The attorney for a former Wheaton College football player who authorities say was the victim of a hazing by five other players turned over his client’s medical records to a DuPage County judge Wednesday.

The records were sought by attorneys representing the five players, who are charged with aggravated battery and other crimes. But Terry Ekl, attorney for the ex-player, said the defense attorneys were “trying to create an issue that doesn’t exist.”

Authorities allege the five players injured the other player during a hazing incident in March 2016. The other player has since left Wheaton College.

At a court appearance last month, defense attorneys requested the medical records of the former player, who authorities say suffered shoulder injuries during the alleged incident. Evidence of a pre-existing injury could bolster the case for the accused players — Kyler Kregel, Noah Spielman, Samuel TeBos, Benjamin Pettway and James Cooksey.

At a hearing Wednesday, Ekl gave the records over to Judge Brian Telander.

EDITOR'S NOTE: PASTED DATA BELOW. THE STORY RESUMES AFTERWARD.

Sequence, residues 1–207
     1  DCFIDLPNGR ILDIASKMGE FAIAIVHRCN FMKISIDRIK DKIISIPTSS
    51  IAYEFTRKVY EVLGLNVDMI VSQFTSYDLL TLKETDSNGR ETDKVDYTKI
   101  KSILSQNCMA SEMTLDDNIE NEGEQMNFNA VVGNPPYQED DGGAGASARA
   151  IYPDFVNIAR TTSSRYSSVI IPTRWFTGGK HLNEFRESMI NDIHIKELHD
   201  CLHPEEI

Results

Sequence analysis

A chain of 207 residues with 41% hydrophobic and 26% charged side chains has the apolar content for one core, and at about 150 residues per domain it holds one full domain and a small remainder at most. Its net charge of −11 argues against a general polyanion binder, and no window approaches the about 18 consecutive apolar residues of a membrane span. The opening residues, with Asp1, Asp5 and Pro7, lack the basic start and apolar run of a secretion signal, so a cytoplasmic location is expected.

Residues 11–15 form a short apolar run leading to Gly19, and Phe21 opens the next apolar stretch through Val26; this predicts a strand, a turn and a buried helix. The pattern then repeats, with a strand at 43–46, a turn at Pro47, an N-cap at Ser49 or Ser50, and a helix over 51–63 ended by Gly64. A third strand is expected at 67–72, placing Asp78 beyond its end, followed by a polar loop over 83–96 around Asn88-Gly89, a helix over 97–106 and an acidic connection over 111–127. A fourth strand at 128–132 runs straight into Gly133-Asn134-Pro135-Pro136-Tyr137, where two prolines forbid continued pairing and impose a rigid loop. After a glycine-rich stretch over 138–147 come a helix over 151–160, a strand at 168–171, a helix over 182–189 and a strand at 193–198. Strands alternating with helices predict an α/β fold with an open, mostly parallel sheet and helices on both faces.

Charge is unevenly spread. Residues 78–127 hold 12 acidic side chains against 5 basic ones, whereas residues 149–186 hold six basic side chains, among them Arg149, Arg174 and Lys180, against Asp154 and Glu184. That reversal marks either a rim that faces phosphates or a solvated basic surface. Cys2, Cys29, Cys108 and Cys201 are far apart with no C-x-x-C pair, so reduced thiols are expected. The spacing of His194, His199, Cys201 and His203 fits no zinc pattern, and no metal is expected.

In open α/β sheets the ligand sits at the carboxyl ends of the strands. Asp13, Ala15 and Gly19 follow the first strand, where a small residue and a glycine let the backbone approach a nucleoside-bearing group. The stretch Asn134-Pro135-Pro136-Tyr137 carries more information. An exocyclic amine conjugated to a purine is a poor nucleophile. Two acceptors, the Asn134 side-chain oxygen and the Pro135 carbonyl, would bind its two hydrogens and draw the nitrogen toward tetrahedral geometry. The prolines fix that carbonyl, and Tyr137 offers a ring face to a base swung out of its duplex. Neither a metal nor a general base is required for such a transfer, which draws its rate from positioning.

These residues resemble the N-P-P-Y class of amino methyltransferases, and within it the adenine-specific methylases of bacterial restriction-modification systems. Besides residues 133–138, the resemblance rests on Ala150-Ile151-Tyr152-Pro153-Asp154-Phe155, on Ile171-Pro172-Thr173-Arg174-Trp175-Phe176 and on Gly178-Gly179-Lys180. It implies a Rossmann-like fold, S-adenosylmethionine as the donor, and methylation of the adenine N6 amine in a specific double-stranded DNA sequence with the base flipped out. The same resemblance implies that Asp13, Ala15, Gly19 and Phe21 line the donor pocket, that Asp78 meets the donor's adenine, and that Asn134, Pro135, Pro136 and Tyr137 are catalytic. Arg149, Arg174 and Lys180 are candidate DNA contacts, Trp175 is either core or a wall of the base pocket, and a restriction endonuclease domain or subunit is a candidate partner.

“We’re willing to turn these over because they don’t show anything,” Ekl said afterward. “There’s no pre-existing shoulder injury.”

The judge will inspect the medical records and then share anything deemed relevant with the defense attorneys.

Meanwhile, attorney Paul Moreschi, who represents one of the players, asked the court to allow him to subpoena a dozen other people or organizations that had contact with the player who was allegedly hazed.

Assistant State’s Attorney Mike Pawl asked for additional time to review the defense request to see whether prosecutors would seek to object. The judge set a status date for March 21.

The five players are accused of aggravated battery, unlawful restraint and mob action. Authorities say they restrained and beat their teammate, a freshman, as part of a hazing incident. The player’s arms were bound so tightly with duct tape that he suffered muscle tears in both shoulders that later required surgery, authorities said.

After the alleged incident, the player left Wheaton College and transferred to a school in Indiana.

Clifford Ward is a freelance reporter.


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